Nurses in Scotland are “understaffed, under pressure and underpaid”, Labour said yesterday.
The party has pledged to scrap the cap on public-sector pay that limits rises to a below-inflation 1 per cent.
Health spokesman Anas Sarwar used a debate at Holyrood to call on the Scottish Government to match that commitment.
Labour claims nurses have seen their wages fall by an average of £3,400 in real terms since 2010 as a result of the cap.
Mr Sarwar said he had met with nurses who had told him about colleagues taking second jobs or having to attend food banks, with one describing “the lowest morale amongst staff ever”.
He told MSPs at Holyrood: “Nursing staff want to do their very best for patients but their best efforts are often coming up against the reality of pressures on the workforce.
“In short, too few nurses doing too much work for too little reward – under-resourced, understaffed and under pressure, and clearly underpaid.
“Underpaid by this Scottish Government, which has the ability to do something about it.
“Underpaid by the government which needs to recognise the impact that their austerity is having on the recruitment, retention and morale of Scotland’s nurses.”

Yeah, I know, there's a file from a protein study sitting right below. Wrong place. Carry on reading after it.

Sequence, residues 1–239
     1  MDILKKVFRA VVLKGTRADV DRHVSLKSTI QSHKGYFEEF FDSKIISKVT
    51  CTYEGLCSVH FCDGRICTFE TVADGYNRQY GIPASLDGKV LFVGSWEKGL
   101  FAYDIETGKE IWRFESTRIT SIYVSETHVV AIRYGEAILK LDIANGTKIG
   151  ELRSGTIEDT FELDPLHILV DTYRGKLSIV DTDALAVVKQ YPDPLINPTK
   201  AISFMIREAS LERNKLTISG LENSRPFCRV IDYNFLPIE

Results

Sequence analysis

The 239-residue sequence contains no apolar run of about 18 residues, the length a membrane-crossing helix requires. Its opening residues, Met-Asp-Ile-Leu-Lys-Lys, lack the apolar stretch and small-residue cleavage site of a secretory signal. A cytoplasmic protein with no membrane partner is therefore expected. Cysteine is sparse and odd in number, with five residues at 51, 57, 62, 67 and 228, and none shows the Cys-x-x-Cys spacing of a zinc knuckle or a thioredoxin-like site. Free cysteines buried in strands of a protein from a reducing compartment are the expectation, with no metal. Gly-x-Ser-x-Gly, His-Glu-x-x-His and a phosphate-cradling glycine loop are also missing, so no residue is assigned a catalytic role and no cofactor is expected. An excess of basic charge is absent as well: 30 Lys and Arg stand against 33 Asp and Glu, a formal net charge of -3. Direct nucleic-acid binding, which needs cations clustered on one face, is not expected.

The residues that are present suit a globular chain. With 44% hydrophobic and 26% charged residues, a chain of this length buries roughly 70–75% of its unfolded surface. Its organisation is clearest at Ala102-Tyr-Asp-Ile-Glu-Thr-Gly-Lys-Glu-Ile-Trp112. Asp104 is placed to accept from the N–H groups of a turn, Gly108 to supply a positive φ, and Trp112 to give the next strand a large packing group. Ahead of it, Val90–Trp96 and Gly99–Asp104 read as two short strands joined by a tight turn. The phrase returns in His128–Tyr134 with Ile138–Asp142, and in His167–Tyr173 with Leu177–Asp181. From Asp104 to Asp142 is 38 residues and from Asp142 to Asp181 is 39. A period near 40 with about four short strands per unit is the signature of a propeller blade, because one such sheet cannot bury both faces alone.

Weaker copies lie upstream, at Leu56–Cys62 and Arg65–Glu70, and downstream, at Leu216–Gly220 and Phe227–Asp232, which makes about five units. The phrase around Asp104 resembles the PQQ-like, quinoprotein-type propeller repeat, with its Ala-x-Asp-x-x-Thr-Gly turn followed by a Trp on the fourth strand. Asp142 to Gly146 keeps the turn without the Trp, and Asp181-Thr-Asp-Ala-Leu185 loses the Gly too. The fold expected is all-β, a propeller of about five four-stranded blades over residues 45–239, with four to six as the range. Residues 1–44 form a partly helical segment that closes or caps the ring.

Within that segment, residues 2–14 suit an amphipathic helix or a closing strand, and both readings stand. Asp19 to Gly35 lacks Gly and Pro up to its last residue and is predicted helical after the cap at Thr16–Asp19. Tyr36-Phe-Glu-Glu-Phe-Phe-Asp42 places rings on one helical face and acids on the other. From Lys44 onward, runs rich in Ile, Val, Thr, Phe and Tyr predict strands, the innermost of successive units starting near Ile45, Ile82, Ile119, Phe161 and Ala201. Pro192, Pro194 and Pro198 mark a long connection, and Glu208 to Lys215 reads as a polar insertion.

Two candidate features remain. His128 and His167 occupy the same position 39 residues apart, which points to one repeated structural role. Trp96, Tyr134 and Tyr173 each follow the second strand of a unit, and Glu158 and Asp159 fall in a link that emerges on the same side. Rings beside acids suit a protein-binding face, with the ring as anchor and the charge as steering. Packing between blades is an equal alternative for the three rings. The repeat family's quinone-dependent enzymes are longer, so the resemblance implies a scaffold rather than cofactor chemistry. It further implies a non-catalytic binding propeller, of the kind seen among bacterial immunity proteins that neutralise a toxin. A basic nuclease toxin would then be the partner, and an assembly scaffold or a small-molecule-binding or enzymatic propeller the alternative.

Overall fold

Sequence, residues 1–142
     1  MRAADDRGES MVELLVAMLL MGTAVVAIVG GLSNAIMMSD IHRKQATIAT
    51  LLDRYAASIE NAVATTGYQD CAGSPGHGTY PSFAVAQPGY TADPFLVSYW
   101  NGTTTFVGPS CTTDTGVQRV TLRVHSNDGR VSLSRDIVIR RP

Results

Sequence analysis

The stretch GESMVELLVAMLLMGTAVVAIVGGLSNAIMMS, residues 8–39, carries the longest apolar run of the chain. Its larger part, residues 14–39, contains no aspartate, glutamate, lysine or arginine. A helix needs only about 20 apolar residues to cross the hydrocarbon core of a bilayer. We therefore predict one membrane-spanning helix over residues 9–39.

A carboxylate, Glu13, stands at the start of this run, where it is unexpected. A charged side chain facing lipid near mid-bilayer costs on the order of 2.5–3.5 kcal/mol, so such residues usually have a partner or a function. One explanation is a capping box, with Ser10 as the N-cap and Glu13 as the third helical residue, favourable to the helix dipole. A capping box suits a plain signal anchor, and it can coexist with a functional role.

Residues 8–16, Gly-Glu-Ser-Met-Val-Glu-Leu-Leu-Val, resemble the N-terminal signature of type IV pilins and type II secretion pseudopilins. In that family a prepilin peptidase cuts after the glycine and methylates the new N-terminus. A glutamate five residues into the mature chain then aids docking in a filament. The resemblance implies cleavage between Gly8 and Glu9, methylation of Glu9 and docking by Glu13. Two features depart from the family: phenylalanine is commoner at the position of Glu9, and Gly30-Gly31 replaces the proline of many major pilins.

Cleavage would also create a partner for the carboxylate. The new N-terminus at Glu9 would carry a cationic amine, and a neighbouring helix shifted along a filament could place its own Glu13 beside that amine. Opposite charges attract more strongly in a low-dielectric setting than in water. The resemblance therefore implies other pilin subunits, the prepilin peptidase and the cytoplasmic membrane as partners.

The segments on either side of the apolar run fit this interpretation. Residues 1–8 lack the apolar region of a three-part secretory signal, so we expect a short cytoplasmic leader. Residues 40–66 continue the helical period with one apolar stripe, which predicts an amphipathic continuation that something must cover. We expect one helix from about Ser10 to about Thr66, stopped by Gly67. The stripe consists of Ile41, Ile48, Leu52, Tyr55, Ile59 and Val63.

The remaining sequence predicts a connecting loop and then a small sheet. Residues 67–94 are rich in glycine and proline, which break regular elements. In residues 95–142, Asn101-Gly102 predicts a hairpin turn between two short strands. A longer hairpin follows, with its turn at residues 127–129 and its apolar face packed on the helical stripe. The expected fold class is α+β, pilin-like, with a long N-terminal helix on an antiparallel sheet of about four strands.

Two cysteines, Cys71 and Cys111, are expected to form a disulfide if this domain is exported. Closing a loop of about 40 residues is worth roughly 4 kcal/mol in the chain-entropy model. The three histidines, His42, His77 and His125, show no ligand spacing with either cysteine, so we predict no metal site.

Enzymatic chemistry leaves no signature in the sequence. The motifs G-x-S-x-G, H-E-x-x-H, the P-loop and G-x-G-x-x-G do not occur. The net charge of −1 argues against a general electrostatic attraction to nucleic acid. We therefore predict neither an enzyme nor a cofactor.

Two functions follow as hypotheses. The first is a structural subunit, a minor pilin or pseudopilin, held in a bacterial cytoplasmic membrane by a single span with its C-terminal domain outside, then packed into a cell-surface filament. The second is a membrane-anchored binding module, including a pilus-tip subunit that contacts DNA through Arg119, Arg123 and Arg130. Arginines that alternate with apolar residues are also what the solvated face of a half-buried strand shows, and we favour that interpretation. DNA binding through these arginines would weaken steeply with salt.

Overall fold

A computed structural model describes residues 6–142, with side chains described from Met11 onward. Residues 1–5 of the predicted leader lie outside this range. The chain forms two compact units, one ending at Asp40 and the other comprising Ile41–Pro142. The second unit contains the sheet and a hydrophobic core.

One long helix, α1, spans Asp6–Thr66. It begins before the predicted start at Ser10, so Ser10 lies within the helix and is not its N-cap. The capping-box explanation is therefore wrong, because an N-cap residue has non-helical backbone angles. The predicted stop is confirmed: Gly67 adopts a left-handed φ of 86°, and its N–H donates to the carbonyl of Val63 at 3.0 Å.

The Scottish Government said it had consistently implemented the recommendations of the UK’s NHS Independent Pay Review body and had passed on recommended pay uplifts in full in Scotland, unlike other parts of the country.
Health secretary Shona Robison said nurses were being offered “jam tomorrow” from a party “that has no prospect of winning the general election”.
She said: “Nurses in Scotland are over £300 better off at the starting point of Band 5 than anywhere else in these islands, including in Labour-run Wales, and of course no-one stays on point one of their band.
“It is about pay and pay progression, and those nurses starting at point one in 2010 will now be £7,500 better off because they would have worked through that scale.”
Ms Robison said she would work with unions to assess the impact of pay restraints.
Conservative MSP Donald Cameron said the 1 per cent rise should stand and staff suported “in other non-financial ways.”